I have been asked many times what do I do for a living. I generally take the line of least resistance and say caterer. I am now beginning to think that this term doesn’t really cover it all. Looking at a number of my recent clients events I have organised music, marquees, tables, chairs, crockery, glasses, cutlery etc. None of these are cooking. Some may be connected to cooking but in reality they have nothing to do with the process of cooking.
So what should I call myself?
My business card says “Chef and Jolly Nice Chap” which I hope most people will recognise. But does it cover the real business of cooking? I am a great fan of Franck Pontais. Many will not have heard of Franck. He is a chef who learned his craft in Paris and is now in the UK making a name for himself with Verrines and Terrines. This is his trademark and his book of the same name is fabulous. He now calls himself a Kitchen Artist. When you look at his creations in the book you will understand why.
My chef heroes include Raymond Blanc, Thomas Keller, Gary Rhodes, Gary Jones, and writers such as Elizabeth David. Many more chefs and writers books are on my bookshelf. I use many of them regularly to help me create dining experiences for my clients.
These chefs and writers convey their passion for food, ingredients and regions where great recipes are handed down and developed still. Many of them I would call a “Kitchen Artist” because once the techniques and technical processes are completed the result still comes down to the presentation and appeal of the food on the plate!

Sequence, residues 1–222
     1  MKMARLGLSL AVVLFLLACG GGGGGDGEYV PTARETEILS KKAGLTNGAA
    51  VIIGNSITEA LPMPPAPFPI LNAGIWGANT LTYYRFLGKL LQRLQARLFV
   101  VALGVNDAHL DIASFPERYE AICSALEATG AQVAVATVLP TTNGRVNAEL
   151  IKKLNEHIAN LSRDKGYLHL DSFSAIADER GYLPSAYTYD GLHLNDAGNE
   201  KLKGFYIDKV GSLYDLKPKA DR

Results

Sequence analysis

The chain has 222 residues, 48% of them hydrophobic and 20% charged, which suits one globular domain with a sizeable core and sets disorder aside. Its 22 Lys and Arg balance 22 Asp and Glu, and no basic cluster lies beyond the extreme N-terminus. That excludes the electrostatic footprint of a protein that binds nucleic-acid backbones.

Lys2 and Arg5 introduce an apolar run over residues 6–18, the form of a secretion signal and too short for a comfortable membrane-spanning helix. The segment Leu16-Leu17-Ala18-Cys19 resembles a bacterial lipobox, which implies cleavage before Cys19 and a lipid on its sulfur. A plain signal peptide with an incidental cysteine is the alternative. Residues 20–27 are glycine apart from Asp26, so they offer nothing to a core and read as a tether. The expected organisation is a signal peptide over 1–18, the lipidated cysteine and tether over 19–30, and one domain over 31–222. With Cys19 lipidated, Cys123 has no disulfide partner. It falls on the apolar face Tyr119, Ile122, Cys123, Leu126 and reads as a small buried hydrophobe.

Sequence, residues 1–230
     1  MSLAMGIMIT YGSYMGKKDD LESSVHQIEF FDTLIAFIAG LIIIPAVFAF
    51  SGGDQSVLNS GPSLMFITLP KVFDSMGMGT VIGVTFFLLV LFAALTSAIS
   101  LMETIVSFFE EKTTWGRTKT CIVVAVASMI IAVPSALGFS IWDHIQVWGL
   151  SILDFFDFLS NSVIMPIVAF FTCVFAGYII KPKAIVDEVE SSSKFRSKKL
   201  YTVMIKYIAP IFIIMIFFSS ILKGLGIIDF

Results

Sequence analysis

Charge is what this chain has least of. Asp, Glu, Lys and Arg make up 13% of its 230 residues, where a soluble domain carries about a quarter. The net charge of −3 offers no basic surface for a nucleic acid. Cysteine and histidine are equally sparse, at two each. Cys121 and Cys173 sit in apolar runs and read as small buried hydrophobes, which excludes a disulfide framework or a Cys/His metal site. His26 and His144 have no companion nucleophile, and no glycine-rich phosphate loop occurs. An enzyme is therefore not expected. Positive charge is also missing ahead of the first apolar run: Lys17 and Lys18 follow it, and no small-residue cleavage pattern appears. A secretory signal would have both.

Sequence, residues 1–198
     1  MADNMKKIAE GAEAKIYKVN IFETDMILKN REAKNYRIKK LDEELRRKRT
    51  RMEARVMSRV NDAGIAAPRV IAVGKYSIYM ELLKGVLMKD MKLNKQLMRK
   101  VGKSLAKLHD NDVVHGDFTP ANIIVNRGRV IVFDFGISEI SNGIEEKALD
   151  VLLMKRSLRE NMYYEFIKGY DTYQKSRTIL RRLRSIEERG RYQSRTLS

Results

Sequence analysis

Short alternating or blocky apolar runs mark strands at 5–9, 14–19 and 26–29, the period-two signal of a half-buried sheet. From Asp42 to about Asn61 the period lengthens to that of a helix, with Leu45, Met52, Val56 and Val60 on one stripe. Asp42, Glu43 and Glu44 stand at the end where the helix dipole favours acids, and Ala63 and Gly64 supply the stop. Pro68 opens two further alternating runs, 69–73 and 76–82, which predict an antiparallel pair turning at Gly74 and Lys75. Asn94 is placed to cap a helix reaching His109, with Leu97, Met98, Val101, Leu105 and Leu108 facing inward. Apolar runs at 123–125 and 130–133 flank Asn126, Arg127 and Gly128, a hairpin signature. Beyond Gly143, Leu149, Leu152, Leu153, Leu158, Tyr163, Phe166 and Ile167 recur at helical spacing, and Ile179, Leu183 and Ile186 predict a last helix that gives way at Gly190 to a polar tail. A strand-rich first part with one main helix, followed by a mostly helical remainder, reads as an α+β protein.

I broadcast regularly on BBC Radio Oxford and in providing the recipes based on seasonality, availability and simplicity I find that cooking live on air has a level of immediacy which adds to the recipe, hopefully making it more real for the listener. Part of this process is about being creative and also making sure that the recipes have that key element, they are easy to do at home.
Well perhaps calling myself a Kitchen Artist might raise an eyebrow with a number of close friends and family but I think describing myself as a caterer does not do what I do justice. I will certainly describe myself as a Chef and look for some other name that reflects not only the process of cooking but also the creativity of cookery. Let me know if you have any suitable alternatives for the term, Chef. Look forward to hearing from you.
Oh, by the way, I have started to publish a series of illustrated recipe guides on Amazon for the Kindle. Have a look in the Kindle Shop searching on Paul Bellchambers.